By focussing on this, the project has stimulated a new research line of ‘mesoscopic’ brain imaging that is gaining increasing momentum in the field of human cognitive and computational neuroscience. This new field complements conventional macroscopic brain imaging that measures activity in brain areas and large-scale networks.

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Mar 19, 2016

Judith Edwards went for an eye test and the optician found a brain tumour the size of an orange

Posted by in categories: biotech/medical, neuroscience

It is a well known fact that many Glioblastoma patients are diagnosed through eye exams; many documented cases as well.

If it wasn’t for the appointment Judith Edwards, 65, might have lost her life.

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Mar 19, 2016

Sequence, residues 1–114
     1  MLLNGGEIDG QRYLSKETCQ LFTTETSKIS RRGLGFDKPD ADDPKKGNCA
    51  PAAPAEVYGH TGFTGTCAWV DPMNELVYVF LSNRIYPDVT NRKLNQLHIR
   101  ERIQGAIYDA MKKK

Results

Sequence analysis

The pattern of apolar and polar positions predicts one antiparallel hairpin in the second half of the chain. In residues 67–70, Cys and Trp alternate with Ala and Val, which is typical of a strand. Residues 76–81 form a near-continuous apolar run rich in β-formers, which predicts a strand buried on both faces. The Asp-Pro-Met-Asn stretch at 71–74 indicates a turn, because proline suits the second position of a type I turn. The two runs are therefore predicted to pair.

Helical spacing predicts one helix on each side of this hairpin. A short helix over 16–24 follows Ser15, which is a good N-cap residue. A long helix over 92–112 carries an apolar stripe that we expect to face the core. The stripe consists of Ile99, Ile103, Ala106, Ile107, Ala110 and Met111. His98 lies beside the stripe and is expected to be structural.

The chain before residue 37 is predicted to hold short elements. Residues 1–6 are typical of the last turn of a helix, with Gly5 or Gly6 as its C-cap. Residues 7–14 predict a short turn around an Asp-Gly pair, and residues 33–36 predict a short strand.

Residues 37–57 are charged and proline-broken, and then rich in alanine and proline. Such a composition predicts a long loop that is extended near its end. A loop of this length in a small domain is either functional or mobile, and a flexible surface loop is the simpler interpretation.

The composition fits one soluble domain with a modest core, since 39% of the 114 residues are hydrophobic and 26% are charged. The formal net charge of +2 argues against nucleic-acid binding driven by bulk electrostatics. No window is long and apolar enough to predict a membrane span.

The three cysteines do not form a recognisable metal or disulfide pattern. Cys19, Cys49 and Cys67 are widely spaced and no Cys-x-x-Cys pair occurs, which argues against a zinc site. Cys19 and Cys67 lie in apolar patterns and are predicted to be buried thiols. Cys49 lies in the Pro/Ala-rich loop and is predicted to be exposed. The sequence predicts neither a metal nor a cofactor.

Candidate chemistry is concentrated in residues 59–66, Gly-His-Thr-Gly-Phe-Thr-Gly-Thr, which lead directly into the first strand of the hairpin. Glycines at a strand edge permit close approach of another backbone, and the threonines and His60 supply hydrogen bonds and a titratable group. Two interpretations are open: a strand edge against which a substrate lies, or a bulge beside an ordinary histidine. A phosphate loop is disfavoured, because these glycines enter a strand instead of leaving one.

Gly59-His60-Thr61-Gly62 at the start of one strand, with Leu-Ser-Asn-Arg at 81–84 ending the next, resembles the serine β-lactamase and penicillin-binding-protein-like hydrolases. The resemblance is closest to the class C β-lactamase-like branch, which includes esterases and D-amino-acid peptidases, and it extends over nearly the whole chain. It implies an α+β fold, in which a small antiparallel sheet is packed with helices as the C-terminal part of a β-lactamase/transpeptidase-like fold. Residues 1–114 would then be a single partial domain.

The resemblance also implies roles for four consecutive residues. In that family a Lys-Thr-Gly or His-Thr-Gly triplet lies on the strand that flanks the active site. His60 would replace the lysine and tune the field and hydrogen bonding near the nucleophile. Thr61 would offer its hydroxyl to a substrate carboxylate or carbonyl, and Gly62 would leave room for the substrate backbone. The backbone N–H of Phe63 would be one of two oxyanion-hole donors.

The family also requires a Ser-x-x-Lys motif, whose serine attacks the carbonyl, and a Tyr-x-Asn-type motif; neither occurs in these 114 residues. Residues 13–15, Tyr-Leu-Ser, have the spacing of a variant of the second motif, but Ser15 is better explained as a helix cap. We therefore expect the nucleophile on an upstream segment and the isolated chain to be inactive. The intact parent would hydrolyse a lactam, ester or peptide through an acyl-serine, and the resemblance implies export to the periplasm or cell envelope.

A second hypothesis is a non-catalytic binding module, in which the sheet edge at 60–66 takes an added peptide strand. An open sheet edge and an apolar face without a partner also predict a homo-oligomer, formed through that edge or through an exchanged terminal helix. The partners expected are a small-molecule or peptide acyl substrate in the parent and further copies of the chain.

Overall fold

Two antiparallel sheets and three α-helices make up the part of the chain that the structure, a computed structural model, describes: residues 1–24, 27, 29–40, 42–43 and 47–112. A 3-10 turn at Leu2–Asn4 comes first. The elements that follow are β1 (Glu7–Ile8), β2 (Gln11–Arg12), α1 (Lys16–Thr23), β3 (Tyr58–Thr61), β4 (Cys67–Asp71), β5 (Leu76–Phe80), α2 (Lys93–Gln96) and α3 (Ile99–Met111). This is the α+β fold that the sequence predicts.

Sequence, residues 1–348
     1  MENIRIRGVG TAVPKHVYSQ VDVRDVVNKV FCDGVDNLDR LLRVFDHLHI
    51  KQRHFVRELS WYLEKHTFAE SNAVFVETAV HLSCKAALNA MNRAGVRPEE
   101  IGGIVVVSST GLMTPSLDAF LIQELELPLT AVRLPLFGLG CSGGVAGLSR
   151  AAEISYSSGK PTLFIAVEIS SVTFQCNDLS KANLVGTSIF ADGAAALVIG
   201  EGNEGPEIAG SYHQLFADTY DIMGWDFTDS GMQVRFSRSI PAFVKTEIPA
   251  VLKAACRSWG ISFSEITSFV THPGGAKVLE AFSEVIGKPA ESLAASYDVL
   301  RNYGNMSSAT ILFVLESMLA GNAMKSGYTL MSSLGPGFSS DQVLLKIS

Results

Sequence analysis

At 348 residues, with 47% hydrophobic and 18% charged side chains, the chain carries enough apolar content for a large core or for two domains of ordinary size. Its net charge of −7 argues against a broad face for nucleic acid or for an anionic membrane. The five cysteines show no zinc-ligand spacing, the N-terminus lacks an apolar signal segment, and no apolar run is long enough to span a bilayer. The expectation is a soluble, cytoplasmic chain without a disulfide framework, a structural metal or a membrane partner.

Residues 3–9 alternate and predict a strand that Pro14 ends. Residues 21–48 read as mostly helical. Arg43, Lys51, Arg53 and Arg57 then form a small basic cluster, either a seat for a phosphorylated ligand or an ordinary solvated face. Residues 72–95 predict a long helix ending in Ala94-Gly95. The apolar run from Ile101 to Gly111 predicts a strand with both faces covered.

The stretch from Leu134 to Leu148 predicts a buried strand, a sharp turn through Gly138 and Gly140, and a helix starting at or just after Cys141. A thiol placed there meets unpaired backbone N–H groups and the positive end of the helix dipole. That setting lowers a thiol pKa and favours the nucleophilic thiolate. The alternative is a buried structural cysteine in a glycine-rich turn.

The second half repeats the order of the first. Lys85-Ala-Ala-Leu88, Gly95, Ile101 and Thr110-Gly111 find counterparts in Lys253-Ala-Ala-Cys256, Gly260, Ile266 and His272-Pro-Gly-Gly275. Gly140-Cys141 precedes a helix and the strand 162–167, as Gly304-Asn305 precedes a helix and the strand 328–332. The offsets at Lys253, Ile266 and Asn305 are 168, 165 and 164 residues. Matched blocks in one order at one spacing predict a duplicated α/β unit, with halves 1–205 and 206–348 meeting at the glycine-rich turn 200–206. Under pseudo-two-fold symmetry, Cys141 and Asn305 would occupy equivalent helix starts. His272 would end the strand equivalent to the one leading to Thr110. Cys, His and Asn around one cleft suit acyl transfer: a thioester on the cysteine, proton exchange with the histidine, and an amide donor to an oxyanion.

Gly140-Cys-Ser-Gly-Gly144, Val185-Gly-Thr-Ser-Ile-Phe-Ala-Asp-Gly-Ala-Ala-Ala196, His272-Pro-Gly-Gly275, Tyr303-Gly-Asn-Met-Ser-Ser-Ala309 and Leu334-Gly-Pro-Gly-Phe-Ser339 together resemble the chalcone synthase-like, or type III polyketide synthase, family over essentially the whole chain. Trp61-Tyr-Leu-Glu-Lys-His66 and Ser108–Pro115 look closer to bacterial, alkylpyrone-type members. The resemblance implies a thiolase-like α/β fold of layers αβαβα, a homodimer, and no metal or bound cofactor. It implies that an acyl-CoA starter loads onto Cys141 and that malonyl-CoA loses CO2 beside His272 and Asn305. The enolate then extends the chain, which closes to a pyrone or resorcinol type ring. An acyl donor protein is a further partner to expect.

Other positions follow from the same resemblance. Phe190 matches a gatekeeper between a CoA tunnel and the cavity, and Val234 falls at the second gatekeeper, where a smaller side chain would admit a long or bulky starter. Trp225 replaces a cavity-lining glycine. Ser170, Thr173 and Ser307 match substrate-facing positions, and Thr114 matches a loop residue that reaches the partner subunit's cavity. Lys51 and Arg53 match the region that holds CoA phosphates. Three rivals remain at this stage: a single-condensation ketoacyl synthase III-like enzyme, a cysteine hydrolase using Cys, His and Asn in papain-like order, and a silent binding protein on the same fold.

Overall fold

Bacteria-powered Bio-Bots Avoid Obstacles on Way to Target

Posted by in categories: biotech/medical, robotics/AI

Microscopic robots, powered by bacterial flagellation, are a curious branch of robotics research, potentially leading to devices that can deliver drugs, perform surgical tasks, and help out with diagnostics. While bacteria has been harnessed in the past to power small devices, having those devices actually navigate to a desired target has been a challenge. At Drexel University researchers are now using electric fields to help their bacterial biobots detect obstacles and float around them on their way to the final destination.

The electric fields don’t actually control the bots, but allow the bots to sense their environment and to move around. The devices are powered by rod-shaped S. marcescens bacteria that are normally negatively charged. The researchers positioned two electric fields orthogonally to each other, creating a grid. Obstacles within the grid slightly affect the fields’ shape, which the robot recognizes and uses to avoid the obstacles.

Here are a couple videos demonstrating the bacterial powered microbot: